Stephen Ellis and Gerrie ter Haar argue in their book of Worlds of Power: Religious Thought and Political Practice in Africa ( Oxford University Press, 2004), “Religion is the emerging political language of today.” The phenomenon is encountered everywhere, most evidently in both the domestic politics of the United States and in the complexities of the Middle East, but also in Europe where in recent years the post-ancient regime separation of state and church has b een increasingly breached in recent years with the changing demographics of the continent.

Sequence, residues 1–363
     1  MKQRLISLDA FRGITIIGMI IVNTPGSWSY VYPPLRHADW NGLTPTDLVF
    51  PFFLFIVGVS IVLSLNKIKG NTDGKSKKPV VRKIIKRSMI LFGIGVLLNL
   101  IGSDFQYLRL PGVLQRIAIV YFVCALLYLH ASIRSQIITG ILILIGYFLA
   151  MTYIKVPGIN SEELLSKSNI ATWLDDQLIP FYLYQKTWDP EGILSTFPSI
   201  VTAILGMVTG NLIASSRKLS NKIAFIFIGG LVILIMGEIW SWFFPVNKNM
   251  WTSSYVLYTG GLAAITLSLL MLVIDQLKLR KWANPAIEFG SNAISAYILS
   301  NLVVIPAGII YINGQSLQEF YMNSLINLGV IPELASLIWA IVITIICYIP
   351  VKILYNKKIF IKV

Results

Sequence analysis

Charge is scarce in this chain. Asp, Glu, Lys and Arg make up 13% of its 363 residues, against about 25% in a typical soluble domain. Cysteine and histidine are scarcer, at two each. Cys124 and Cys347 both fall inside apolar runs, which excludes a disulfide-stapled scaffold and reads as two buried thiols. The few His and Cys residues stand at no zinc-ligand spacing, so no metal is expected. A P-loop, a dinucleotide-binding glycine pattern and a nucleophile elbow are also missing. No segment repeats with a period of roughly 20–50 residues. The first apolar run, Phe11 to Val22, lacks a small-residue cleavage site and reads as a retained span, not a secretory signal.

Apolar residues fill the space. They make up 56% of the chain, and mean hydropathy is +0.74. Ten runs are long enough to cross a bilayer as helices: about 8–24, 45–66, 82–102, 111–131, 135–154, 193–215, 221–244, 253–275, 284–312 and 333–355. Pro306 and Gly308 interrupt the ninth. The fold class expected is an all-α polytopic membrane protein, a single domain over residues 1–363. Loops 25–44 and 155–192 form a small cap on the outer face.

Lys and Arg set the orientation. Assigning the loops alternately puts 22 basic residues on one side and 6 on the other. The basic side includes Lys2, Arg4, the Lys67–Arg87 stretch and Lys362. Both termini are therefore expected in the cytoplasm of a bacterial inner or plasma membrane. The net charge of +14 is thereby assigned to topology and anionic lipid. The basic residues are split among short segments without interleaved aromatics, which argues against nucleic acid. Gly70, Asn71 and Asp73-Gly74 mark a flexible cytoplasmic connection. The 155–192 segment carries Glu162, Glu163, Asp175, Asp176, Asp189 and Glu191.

In many respects, it is ironic that the separation of religious from political thought was invented in the West and exported to the rest of the world in colonial times when one considers that intrinsic to Europe’s financial revolution more than three centuries ago was the use of mathematics as a way of calculating risk, prompted in part by a new theology emerging from the Reformation. As Max Weber noted, the spirit of capitalist enterprise was originally associated with a religious view of the world.

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